(Max Whittaker/Getty Images)

In 2005, then-Governor Arnold Schwarzenegger surprised many fellow Republicans when he appointed Susan Kennedy — a former aide to Governor Gray Davis and one-time executive director of the California Democratic Party — as his chief of staff. The Los Angeles Times has called Kennedy “the most enduring force in state government of the last decade.” She joins us in-studio, as part of our “First Person” series of interviews with the leaders, innovators and others who make the Bay Area unique.

Interview Highlights

Guests:
Susan Kennedy, former chief of staff for Governor Arnold Schwarzenegger, former deputy chief of staff for Governor Gray Davis, board member of the California Health Benefit Exchange and a private consultant focusing on clean tech

  • erictremont

    I have followed Ms. Kennedy’s career over the past 15 years or so but I really don’t know what she stands for. On the one hand, I think bipartisanship is commendable but there is a difference between being bipartisan and simply working for whomever is in power and trying to advance their agenda no matter how incoherent or unrealistic it is. Let’s face it, both Gray Davis and Arnold Schwarzenegger were disasters as governors, and as a senior advisor to both men, Ms. Kennedy must bear some of the blame for their strategic and tactical failures.

    • thucy

      Schwarz went down in flames because he dared to take on two of CA’s most powerful unions, neither of which were exactly without major corruption issues. These unions represented 1) the “sainted” nurses of California and 2) the “purer-than-Caesar’s-wife” police of California.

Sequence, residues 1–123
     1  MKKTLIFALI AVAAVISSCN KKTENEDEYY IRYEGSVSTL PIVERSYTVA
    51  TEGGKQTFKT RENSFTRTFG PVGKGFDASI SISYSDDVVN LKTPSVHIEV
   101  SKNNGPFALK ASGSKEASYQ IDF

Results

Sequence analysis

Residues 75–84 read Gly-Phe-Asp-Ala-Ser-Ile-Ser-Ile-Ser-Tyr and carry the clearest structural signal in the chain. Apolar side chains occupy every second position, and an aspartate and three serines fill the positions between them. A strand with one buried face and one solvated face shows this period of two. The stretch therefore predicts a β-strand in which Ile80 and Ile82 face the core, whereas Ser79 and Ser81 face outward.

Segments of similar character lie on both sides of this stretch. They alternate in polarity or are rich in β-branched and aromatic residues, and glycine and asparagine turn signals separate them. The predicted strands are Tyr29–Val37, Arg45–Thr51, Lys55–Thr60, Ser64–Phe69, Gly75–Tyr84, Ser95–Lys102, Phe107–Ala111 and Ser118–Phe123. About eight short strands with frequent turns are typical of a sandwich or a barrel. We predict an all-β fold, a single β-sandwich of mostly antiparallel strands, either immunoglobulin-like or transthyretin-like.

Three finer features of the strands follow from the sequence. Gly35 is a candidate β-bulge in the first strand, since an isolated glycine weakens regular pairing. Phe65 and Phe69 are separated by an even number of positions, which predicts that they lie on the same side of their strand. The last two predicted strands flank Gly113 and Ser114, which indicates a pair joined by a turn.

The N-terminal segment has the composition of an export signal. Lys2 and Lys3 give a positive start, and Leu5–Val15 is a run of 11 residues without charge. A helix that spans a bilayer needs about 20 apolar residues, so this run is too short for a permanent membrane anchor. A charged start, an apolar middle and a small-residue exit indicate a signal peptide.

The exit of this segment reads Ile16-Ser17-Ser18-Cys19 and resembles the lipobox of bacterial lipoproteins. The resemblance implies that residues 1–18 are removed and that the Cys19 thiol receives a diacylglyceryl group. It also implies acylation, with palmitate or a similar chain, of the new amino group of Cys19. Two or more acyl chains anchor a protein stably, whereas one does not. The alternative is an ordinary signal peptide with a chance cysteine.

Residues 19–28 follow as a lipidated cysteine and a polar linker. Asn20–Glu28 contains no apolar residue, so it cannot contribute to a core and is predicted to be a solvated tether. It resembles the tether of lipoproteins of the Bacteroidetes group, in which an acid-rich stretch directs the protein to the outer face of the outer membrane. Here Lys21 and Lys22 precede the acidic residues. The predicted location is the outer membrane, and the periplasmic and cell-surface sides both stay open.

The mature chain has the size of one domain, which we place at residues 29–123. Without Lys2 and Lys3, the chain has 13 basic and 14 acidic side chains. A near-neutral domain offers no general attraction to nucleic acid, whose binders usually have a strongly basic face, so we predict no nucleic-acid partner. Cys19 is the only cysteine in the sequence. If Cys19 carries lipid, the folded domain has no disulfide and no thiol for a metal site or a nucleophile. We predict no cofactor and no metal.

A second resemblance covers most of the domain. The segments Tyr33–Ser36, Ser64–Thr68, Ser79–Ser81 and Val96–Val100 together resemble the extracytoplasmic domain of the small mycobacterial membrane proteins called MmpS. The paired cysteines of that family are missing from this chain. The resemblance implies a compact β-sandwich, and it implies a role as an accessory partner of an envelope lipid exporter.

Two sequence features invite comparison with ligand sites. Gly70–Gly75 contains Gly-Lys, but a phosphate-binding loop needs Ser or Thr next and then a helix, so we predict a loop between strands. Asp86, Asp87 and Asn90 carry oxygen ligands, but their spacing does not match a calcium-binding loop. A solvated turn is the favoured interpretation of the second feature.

He challenged their stranglehold over the taxpayer, and thus he had to be taken down.

      • erictremont

        Let me clarify—I think Arnold was right to take on the public employee unions but he did it in a rather clumsy way, creating the perception that he was attacking all rank and file public servants, not just union bosses. This perception was fatal to his efforts to pass union reform initiatives in 2006.

        • SRSwain

          What didn’t Arnold do “in a rather clumsy way”? That’s his trademark: “Ahm the guvanatah!” Thank God only native-born Americans can become president.

  • Chris OConnell

    Haha, that was a good one. Her critique of Obama is that he did health care when he should have reached out to Republicans more. Of course, his major problem leading him down the dead end was reaching out to Republicans generally. His health care plan, for instance, was a complete Republican blueprint. He brought in the insurers and the pharmaceutical industry while shutting down single payer or a public option but Republicans were determined to say NO to anything Obama did. PERIOD.

    She is not quite profound or insightful when she says “I don’t know what he did wrong but I would have done it differently.”

  • Ken

    California Constitution Article 1 Section 24 specifically enumerates privacy as a California citizen’s right. At 43min mark, Susan Kennedy says it is a “pointless crusade to try to prevent the gathering of the information”. “The kind of information being gather is to be expected, and it’s the use we should focus on.” Essentially she says citizens should expect the NSA to illegally violate California Constitutional rights, and we should _hope_ that government won’t use illegally gathered information against us. This is Bipartisan Big Brother on display.

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